Saturday 24 August 2019

John Downing: 'Fianna Fáil leader must face up to perils and limits of a 'green jersey always' Brexit strategy'

 

Green light: Micheál Martin has worked harder than any other Fianna Fáil leader to build a base in Europe. Photo: Gareth Chaney, Collins
Green light: Micheál Martin has worked harder than any other Fianna Fáil leader to build a base in Europe. Photo: Gareth Chaney, Collins
John Downing

John Downing

'Green jersey time" is an old maxim among the Irish in Brussels going back to our joining of the then-EEC in January 1973.

The call for EU unity across Irish parties and sectors harks back to the old primary school history books and the treachery of Diarmaid Mac Murchada, the ousted King of Leinster who led Strongbow and his Anglo-Norman pals into Wexford in 1169 just to settle old scores. The Normans stayed, morphed into the English, and his memory has long been excoriated as "Diarmaid na nGall" (Dermot of the Foreigners), the man who gave us 800 years of misery.

As often happens, the real story may be more complex. Some historians argue he had been banished for a failed effort to become High King, rather than the other cited crime of making off with a rival's wife, which was hardly a rarity in 12th century Ireland.

Such tales seem more diverting than the three-year Brexit misery, now threatening to become a Halloween no-deal nightmare. But it is also important to avoid "bad history" in assessing contemporary events.

Fianna Fáil and its leader, Micheál Martin, have rightly opted to don the "green jersey" and show a largely united cross-party front throughout this most challenging time. That approach shows us how the party - and our national politics - have changed since last time Fianna Fáil did two long stints in opposition back in the 1980s.

In that period, Mr Martin's predecessor, one Charlie Haughey, was rightly dubbed "against everything and for nothing". Haughey opposed the 1985 Anglo-Irish Agreement on the North and the 1986 Single European Act which framed plans for the EU border-free single market, among other things.

But that was in an era when Fianna Fáil were still viewed by themselves and others as the "natural party of government". 'Anybody But Fianna Fáil' coalitions were viewed as temporary things while "the party" re-grouped in opposition. Now coalitions are the norm and the party is a shrunken version of its former self, though it retains a memory of bigger days.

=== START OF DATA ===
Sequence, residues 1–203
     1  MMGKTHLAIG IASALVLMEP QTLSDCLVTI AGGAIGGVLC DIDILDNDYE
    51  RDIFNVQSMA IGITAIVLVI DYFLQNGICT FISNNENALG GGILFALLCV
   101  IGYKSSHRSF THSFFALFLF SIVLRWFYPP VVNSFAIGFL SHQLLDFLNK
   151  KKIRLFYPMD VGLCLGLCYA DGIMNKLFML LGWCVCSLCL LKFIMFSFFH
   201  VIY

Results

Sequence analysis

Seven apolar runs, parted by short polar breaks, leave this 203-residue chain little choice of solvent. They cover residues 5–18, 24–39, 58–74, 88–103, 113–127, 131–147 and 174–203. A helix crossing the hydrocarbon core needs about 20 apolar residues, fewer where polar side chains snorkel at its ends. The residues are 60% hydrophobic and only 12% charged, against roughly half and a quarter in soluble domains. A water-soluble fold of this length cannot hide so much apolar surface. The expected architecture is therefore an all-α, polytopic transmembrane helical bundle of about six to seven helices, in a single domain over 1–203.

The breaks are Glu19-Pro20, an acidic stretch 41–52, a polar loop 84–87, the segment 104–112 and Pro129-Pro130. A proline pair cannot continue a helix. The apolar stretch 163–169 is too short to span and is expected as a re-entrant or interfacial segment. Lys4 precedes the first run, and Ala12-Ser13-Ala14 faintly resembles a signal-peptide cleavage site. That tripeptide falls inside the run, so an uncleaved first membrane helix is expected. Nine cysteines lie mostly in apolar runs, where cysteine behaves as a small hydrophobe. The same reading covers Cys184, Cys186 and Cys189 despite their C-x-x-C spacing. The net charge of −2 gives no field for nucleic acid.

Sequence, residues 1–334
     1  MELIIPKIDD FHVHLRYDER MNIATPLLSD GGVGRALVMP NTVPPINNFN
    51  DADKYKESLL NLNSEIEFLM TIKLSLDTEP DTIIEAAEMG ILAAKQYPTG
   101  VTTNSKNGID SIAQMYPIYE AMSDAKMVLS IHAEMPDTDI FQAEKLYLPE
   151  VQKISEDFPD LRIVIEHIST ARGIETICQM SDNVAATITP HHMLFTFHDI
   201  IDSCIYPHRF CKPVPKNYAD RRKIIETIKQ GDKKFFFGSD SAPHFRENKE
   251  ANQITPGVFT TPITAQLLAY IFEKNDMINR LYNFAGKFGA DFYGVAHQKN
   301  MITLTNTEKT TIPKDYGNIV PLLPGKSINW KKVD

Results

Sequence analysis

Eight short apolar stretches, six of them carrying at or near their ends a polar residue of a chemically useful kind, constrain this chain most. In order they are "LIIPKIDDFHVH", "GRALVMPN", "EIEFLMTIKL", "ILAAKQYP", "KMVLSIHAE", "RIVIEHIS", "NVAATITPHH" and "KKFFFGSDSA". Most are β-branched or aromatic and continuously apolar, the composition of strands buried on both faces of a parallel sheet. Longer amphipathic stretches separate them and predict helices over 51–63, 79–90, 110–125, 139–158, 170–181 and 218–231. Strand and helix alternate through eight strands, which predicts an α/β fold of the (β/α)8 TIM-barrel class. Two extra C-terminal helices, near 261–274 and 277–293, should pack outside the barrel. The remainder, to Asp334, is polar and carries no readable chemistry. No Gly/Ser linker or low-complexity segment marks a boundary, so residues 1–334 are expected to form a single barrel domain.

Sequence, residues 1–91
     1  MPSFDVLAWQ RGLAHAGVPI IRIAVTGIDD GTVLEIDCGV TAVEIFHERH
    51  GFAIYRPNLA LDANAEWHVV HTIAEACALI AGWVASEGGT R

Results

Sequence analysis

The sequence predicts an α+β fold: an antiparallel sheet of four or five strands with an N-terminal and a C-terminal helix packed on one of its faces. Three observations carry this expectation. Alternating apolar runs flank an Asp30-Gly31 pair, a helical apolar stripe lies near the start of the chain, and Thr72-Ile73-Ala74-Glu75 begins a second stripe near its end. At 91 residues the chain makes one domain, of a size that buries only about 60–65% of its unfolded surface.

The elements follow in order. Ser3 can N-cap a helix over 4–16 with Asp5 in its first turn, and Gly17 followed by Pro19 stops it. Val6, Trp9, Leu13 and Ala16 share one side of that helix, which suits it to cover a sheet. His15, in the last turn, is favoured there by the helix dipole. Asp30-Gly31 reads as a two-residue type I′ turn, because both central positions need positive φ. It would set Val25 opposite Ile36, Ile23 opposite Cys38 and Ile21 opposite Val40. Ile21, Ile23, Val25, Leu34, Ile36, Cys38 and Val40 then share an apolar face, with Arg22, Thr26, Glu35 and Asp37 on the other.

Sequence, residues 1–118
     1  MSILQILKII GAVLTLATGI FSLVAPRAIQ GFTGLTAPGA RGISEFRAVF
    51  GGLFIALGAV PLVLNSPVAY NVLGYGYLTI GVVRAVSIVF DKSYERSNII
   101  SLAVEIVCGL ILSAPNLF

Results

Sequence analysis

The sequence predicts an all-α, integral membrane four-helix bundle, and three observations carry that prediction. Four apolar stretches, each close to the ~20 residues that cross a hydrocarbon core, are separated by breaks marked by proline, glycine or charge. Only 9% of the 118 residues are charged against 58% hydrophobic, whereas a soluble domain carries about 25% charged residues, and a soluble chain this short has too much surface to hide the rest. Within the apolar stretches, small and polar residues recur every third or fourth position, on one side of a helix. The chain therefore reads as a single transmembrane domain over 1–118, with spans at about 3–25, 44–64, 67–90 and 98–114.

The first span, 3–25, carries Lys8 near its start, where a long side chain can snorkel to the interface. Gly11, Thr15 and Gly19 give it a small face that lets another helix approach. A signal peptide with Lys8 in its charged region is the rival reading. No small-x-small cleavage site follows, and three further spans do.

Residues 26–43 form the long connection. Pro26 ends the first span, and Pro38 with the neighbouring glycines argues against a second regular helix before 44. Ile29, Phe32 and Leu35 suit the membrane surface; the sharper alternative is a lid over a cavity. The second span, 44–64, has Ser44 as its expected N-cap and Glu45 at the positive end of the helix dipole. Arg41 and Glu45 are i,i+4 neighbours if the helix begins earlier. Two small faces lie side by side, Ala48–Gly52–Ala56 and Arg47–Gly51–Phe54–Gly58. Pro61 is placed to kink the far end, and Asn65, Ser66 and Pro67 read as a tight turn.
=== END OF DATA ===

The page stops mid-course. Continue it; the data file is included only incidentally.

Mr Martin has coped admirably with the continuing internal tensions caused by his decision in May 2016 to prop up the Fine Gael-led hybrid minority coalition with diverse Independent TDs. He has worked harder than any other Fianna Fáil leader to build a base in the European Parliament and they are integrated in the third largest Renew Europe group, which includes colleagues of French President Emmanuel Macron.

He is right in principle to continue the united front on Brexit. But why must it amount to being unthinkingly supportive of Taoiseach Leo Varadkar and his ministers?

On Tuesday, the Fianna Fáil leader dissociated himself from a foray by one of his frontbenchers, Timmy Dooley, who publicly suggested the Taoiseach "showed a lack of experience and arrogance" in handling Brexit. Mr Dooley's timing was off - it coincided with Boris Johnson's continued failure to contact the Taoiseach.

Mr Martin immediately tweeted that there was no change in his party's Brexit support and the fault effectively lay with the British prime minister. But surely Mr Dooley was entitled to raise these questions.

Surely also, Leo Varadkar does at times come across as arrogant and, as somebody turned 40 and elected party leader and Taoiseach just two years, he is hardly coming down with experience facing into this huge challenge.

It is also undoubtedly true that Mr Varadkar and his ministers have not excelled in explaining to people how the authorities are going to cope with a Brexit which could well end in a calamitous no-deal in 13 weeks' time.

The Taoiseach keeps talking about "conversations" with the European Commission. It does fuel the public's anxiety that this secrecy and reticence around a Brexit no-deal plan may mask the absence of such a plan.

It remains the Opposition's role to raise these and other Brexit questions. Facts are more usually user-friendly. We need answers if we are to maintain our trust in our political leaders. All this can be done without abandoning the main thrust of Fianna Fáil support for the Government on Brexit. We can discount and ignore noise in the British Tory media about "cracks" in the Irish approach.

The politics of the UK are so messed up they are not well placed to make disparaging comments about how Ireland is ordering its affairs.

Up to now Mr Martin seemed happy to allow his Brexit spokeswoman, Lisa Chambers, to play "nasty cop" to his eventual "nice cop". It is quite common in day-to-day politics and it has its place.

The green jersey does not have to mean blind loyalty at all times about everything.

Irish Independent

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